And then, she took a turn for the worse. Time-out mean nothing. The little girl who would sob for two minutes then give hugs and kisses and apologies, is gone. She has been replaced by a defiant teenager-like nightmare who cares nothing if she has to stay on the kitchen rug for 15 minutes. She refuses to apologize, she refuses to discuss her behavior, and she has the most infuriating way of cocking her little head to the side as if to say that she is so completely bored with me. We've resorted to losing toy privileges which is working for now, knock on wood. But someone please tell me what happened!

Why wasn't I prepared for this by a cute title like "Terrible Twos." Why wasn't there a pamphlet at the pediatricians? Why doesn't the government send out postcards warning of this domestic security threat? Is it something parents don't want to talk about, can't talk about, because they are sure to quake in fear and start crying? It's like "The Age Who Must Not Be Named." Parents are afraid to mention if for fear that it might give it more power.

Well, the misinformation stops here! No longer will parents be caught of guard by this unnamed behemoth. I shall call it . . . I'm sorry. I can't. My trembling knees are causing my laptop to shake and I can't see the keyboard through the tears.

Is there any hope?


Great Expectations

unexpected First Photo

I've been doing a bit of soul searching lately. It was bound to happen. You see my son turns one in a couple of days so it's the perfectly cliché time to think about the past year. . .

. . . And giving birth. I suppose I was one of those silly girls who dreamt about getting married and becoming a mother from the moment I first laid eyes on an unsuspecting dolly. I was taught that becoming a mother was one of the greatest things I could do with my life. I know to many that seems rather old fashioned or even a anti-feminist, but I believe with all my heart I am meant to be a mother.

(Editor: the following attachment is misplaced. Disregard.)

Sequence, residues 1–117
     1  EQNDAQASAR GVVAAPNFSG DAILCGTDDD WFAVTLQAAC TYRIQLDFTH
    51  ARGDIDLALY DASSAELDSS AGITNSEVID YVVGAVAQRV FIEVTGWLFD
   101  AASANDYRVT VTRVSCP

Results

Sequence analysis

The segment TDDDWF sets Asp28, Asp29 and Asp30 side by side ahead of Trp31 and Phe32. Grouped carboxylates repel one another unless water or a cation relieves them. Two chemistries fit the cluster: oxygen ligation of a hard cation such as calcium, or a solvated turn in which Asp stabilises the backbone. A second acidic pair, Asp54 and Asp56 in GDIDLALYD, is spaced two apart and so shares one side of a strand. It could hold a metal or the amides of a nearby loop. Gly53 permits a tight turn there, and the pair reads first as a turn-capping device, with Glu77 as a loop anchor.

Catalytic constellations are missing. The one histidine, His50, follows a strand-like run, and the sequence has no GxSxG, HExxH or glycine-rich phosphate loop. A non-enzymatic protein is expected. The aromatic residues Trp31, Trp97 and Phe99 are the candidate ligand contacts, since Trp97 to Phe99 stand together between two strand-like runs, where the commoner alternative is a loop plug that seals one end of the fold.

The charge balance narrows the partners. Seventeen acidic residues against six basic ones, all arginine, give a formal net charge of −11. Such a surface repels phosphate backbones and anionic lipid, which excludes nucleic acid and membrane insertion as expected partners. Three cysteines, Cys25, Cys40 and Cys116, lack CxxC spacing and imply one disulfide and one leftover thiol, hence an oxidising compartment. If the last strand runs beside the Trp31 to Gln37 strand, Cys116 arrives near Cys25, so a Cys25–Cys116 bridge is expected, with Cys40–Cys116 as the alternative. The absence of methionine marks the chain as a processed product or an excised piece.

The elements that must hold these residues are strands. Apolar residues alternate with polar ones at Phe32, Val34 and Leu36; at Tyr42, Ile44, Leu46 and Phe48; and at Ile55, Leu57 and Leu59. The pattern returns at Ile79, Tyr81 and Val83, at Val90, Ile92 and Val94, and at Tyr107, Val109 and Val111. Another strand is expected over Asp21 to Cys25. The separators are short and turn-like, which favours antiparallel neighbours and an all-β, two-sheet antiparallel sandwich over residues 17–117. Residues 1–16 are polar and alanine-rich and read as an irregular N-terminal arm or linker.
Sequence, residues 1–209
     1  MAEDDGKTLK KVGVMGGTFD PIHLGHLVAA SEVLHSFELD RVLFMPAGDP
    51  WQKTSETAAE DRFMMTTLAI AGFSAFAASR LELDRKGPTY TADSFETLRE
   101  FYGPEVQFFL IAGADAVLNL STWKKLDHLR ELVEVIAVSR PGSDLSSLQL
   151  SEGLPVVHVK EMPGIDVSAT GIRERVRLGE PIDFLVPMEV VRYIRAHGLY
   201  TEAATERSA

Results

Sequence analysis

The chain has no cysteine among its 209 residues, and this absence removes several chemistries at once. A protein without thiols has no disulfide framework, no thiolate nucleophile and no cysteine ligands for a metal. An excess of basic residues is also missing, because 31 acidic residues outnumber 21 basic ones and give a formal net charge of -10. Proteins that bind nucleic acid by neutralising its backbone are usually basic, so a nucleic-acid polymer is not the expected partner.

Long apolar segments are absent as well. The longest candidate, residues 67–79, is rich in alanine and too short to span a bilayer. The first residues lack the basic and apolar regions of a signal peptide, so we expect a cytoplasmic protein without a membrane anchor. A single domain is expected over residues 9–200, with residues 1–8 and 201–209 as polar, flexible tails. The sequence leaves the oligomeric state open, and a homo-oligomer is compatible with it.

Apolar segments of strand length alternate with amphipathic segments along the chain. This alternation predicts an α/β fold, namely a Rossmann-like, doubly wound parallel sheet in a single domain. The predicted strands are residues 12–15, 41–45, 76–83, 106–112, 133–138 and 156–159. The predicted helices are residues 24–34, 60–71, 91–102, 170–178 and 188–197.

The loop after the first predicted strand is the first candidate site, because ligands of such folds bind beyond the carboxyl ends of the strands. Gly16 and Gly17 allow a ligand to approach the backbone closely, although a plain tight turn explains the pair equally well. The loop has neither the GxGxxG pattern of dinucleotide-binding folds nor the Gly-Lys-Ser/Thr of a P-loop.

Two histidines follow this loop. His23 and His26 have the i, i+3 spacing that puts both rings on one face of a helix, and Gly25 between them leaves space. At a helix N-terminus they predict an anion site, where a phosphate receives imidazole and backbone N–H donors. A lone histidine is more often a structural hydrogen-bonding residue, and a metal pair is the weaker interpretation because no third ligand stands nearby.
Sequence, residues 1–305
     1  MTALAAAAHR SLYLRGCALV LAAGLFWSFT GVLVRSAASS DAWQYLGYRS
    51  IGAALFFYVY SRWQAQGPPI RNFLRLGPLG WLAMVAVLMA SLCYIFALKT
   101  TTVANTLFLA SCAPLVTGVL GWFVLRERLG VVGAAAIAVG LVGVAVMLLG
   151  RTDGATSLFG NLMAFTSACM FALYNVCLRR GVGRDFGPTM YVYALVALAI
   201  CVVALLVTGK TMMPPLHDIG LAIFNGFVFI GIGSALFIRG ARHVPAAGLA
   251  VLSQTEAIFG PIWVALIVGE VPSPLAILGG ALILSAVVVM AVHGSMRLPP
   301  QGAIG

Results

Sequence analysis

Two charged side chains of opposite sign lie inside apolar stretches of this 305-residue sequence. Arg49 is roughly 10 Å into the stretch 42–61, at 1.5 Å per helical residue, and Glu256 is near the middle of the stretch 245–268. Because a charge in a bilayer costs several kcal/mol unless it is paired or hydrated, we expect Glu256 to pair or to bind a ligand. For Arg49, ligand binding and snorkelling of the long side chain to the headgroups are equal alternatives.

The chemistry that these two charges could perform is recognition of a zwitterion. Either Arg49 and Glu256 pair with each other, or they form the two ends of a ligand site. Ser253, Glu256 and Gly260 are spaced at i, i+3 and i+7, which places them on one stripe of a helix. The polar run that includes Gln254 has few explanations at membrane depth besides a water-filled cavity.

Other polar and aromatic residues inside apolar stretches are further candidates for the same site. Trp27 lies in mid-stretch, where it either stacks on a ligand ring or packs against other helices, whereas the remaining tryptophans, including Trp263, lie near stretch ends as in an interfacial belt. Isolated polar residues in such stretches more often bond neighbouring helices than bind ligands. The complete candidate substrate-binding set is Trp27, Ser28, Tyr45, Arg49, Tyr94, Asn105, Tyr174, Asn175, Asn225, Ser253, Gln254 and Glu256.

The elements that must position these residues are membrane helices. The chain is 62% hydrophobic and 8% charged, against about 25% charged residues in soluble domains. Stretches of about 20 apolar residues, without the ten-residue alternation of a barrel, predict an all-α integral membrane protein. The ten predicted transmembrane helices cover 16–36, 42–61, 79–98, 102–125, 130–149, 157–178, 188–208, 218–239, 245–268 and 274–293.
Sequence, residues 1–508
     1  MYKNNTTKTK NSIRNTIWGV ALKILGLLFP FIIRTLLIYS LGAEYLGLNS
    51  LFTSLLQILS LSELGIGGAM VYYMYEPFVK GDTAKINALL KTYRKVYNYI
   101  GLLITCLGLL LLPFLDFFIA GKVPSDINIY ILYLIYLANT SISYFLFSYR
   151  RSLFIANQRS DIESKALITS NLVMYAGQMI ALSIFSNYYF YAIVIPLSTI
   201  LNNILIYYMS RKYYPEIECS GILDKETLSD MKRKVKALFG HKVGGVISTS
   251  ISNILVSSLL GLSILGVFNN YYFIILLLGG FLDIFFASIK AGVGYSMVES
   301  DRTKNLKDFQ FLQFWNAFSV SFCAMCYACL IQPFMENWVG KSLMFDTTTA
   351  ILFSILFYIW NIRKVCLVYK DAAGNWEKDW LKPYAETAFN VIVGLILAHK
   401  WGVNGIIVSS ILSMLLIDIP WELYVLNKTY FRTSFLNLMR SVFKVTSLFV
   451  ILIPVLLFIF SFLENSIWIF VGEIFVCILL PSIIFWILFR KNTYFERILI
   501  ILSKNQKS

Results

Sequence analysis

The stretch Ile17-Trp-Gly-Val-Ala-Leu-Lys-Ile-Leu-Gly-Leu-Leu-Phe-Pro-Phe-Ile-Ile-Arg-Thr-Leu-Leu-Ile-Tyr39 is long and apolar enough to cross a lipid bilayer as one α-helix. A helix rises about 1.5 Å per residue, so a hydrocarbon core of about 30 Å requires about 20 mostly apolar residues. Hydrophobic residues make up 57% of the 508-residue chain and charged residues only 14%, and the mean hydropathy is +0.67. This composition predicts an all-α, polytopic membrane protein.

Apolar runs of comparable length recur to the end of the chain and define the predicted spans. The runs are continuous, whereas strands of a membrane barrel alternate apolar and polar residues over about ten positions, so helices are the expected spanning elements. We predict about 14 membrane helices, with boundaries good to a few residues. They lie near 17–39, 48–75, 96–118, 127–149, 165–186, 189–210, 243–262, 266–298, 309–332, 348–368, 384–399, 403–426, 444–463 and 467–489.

I just didn't realize that a lot of motherhood wouldn't live up to my great expectations. You see, I figured I'd become a mother with a lot of contractions, a lot of pushing, and probably a few too many primitive screams, but none of that would matter because I would be staring into the beautiful blue eyes of my tiny baby. I never really expected to become a mother without feeling an ounce of physical pain (I know, don't hate me! Trust me, it's not as blissful as it seems.) You see, I had a C-Section. Little did we know, when I went into the hospital on a jittery, euphoric high after my water broke, that my daughter was surprisingly breech. I never thought for a moment that my excitement of becoming a mother would be so overshadowed by tears and fear as I was all too abruptly whisked into the OR.